From Östersund to Trondheim – A great Scandinavian roadtrip
Prince sang “Sometimes it snows in April” – but in the heart of Scandinavia the white stuff can even fall in May. It’s the beginning of the month in north Sweden and spring has suddenly stopped in its tracks. As if it had changed its mind. We leave Östersund in a violent blizzard. People look like exhausted cross country skiers as they lean into the wind battling their way forward along the self-illuminating streets. Have we already hit the Scandinavian nail on the head, before even reaching the first stop on our road trip towards Trondheim in Norway? The dramatic changes in the weather have set their stamp on the people who live at these latitudes for thousands of years. One consequence is that the population has become relatively weather fixated.
An hour later, as we head due west on Highway E14, we’re just outside the Swedish skiing metropolis Åre, we get a sense of exactly this. We’ve barely had time to say hello to Martin Nielsen before he says, “We had summer temperatures here two weeks ago. On a day like this, you miss the sunshine but it’s still pretty beautiful anyway.”
The 42-year old Danish joiner looks towards the most famous mountain top in Scandinavia, Åreskutan, that peaks through the dark gray sky.
A hunt for the Scandinavian soul
A bit later, we stamp the snow off our shoes in the hallway of Brattlandsgården, a youth hostel dating from the 19th century. Nielsen has been working here every day for the past few weeks, including replacing the windows. He laughs when I tell him that in our hunt for the Scandinavian soul, talking to him – a Dane who lives close to the border between Sweden and Norway – would make our job simple. Nielsen grew up in Roskilde, Denmark, then lived from time to time in Norway before settling here in Åre (with a Swedish wife) 15 years ago. So, which nation does he most closely identify with?
“I feel I’m Scandinavian. Nordic, in some way,” comes the response.
“Is it even possible to talk of a Scandinavian mentality?” I ask Nielsen. “I think so,” he says, adjusting the collar of his lumberjack shirt. He then starts talking in terms of “we” meaning not just Swedes, but Danes and Norwegians too.
“We take ourselves a bit too seriously, perhaps. And we should learn to take things a bit easier. We get too stressed. Many people probably think there’s a difference between smaller and larger towns in Scandinavia, but I think this somewhat stressed mentality is pretty much the same wherever you go.”
In Sweden you shouldn’t stand out from the crowd
Even though Nielsen identifies himself as Scandinavian, he still has a soft spot for his mother country, Denmark, he explains. This comes out in sporting contexts, for example.
“When it comes to the soccer World Cup, I support Denmark of course. Having said that, I have two teams to cheer on. If Denmark get knocked out, I can always put my hopes on Sweden.”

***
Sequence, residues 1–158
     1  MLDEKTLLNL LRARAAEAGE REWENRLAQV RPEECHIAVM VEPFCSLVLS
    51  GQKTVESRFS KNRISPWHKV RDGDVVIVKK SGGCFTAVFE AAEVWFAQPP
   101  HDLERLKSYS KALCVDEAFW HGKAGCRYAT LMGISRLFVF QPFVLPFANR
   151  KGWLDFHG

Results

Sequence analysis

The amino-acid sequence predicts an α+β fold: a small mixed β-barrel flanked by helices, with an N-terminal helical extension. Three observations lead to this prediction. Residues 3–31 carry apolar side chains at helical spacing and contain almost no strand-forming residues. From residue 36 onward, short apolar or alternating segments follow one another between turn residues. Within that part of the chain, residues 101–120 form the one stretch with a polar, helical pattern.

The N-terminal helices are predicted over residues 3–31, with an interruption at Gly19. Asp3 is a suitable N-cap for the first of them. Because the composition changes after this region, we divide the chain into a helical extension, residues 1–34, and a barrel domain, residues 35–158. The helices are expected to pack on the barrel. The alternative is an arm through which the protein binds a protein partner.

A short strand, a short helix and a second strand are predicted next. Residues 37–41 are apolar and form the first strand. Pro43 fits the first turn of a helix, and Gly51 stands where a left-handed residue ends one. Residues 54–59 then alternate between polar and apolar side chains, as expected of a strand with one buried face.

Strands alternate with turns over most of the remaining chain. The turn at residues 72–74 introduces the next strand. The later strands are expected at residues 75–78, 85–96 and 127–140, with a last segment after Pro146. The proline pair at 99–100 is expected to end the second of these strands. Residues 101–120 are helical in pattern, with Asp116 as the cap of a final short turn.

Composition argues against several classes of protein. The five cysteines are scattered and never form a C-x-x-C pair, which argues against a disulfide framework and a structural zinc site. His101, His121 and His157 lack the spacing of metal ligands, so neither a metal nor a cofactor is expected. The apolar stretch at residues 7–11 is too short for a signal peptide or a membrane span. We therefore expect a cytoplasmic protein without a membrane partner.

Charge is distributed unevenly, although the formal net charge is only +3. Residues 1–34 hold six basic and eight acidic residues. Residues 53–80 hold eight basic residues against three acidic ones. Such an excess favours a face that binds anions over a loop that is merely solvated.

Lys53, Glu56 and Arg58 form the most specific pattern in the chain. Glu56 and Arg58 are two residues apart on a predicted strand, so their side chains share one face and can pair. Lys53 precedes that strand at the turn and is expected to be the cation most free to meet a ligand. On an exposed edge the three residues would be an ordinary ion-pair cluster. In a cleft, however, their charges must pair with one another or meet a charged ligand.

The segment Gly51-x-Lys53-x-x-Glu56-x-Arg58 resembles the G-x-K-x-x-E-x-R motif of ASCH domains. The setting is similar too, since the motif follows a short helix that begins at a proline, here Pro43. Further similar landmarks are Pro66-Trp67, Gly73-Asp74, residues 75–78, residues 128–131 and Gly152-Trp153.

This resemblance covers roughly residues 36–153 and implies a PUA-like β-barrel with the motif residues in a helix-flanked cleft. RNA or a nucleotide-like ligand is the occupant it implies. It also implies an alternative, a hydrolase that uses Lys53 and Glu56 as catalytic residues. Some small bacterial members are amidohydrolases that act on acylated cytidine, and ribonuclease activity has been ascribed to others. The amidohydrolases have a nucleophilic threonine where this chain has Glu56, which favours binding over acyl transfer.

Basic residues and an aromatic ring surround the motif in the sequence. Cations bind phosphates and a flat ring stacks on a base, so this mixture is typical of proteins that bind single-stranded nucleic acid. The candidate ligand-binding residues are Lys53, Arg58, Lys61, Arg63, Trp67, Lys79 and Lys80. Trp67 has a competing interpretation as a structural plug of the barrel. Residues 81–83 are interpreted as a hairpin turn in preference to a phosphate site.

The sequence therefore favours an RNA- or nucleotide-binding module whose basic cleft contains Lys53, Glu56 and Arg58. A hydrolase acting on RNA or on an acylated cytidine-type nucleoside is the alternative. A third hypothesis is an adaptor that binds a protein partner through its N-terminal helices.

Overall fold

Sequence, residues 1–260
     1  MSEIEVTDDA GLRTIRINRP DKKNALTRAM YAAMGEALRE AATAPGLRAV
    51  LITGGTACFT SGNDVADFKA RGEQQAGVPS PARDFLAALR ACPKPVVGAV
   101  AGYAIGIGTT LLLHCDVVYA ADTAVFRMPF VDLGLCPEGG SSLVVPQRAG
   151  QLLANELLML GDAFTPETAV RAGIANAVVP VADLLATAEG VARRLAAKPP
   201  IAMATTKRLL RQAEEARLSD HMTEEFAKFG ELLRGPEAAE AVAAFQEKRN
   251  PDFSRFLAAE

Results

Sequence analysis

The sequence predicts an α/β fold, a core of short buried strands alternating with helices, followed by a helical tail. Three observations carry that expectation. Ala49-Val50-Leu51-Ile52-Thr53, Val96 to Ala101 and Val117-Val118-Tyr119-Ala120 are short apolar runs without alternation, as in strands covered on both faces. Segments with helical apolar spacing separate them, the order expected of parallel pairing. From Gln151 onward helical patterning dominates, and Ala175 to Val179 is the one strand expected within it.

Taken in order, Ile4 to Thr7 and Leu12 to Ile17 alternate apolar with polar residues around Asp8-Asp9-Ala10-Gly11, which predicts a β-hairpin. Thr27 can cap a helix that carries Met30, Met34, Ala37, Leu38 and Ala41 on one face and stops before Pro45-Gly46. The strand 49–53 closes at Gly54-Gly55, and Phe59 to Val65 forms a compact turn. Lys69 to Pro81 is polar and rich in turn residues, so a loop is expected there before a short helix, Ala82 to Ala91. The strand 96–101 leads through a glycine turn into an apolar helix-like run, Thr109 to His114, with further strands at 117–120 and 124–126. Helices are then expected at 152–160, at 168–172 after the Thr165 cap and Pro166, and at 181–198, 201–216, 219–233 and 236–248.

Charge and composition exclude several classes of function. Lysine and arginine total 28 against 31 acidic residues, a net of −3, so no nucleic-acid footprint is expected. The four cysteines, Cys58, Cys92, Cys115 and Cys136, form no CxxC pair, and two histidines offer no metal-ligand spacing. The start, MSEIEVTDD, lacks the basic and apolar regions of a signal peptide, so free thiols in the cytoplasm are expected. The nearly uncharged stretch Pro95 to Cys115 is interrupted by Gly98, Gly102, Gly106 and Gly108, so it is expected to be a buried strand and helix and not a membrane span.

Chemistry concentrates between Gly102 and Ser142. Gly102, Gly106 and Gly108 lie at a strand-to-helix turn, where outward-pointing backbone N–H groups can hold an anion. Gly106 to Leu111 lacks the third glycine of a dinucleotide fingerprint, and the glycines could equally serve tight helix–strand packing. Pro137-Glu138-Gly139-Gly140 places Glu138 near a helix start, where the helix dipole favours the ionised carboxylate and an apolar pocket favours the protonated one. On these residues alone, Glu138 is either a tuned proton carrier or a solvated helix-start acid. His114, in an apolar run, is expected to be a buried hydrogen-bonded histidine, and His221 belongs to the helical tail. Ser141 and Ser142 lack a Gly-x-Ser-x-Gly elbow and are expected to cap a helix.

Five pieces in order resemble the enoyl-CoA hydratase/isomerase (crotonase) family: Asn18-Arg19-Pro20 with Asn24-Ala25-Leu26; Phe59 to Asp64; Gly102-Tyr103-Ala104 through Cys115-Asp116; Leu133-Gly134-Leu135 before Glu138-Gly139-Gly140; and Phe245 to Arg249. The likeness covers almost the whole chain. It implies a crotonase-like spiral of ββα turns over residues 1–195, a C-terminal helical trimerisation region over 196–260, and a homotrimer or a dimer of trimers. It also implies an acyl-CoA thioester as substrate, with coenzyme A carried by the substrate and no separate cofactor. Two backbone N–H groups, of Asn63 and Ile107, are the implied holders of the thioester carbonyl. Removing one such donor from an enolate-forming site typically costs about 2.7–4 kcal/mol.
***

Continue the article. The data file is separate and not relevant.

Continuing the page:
’How do you feel Norwegian or Swedish, what’s the difference, really?’
When I ask if he can also see any cultural differences between the Scandinavian countries, he starts talking about perhaps the most famous Scandinavian of modern times – Zlatan Ibrahimovic.
“He, if anyone, is a fantastic role model. I think there’s something incredibly admirable about people who succeed against the odds.”
At the same time, plenty of people are skeptical about Zlatan, I say, due to his equally well-documented indefatigable self-confidence.
“That nails the Swedish mentality in one – you shouldn’t stand out from the crowd. And if you do stand out, in the sense that you’re very good at something, you absolutely shouldn’t boast about it. That’s one way in which Denmark and Sweden differ. Showing off is not as controversial in Denmark, I don’t think. That’s one way that Denmark is closer to the continent.”
Heading towards Storlien
It’s still snowing heavily when we leave Åre and continue our journey westwards. Can we find more Scandinavians if we get closer to the Norwegian border? Our next stop is the classic Swedish ski resort of Storlien. When we turn off the country road, we can see the contours of the mountain tops, the untouched wilderness, the family-friendly slalom piste. From here, it’s only 10 minutes by car to the Norwegian border.
And you notice it straightaway. On the surface, it’s now hard to tell which country we’re actually in. The local bar serves Norwegian beers. In the large food store car park, both Norwegian and Swedish flags flap in the ice cold mountain wind. The signs in the window promise “low prices” in Norwegian and both Norwegian and Swedish newspapers are on sale inside. That Swedish food stores close to the border are “Norwegianized” in this way is not purely a sign of welcoming Swedish hospitality.
The little village of Storlien (registered population 48) is extremely dependent on this spiraling cross-border commerce. As we head down towards the village, we pass an enormous plot of land where a 10,000sq m shopping center is due to rise in spring 2020. When you check the statistics, it’s easy to understand why. Low Swedish food prices and the Norwegian sugar tax contributed to Norwegians shopping for the equivalent of €1.6 billion in Sweden last year.
“The border is no more than a line on the map”
Another sign we’re close to the border is that many of the people we meet in Storlien talk a kind of mix of Swedish and Norwegian – locals like Lena Flaten, who runs the popular Flammans Skafferi restaurant in the heart of the village. I ask her what the relationship between Norway and Sweden feels like so close to the border here.
“The border is no more than a line on the map. The vast majority of people who live in Storlien have come from somewhere else, which means they’re not that bothered about origins. We don’t differentiate between this nationality and that nationality here. It’s very borderless in this way.”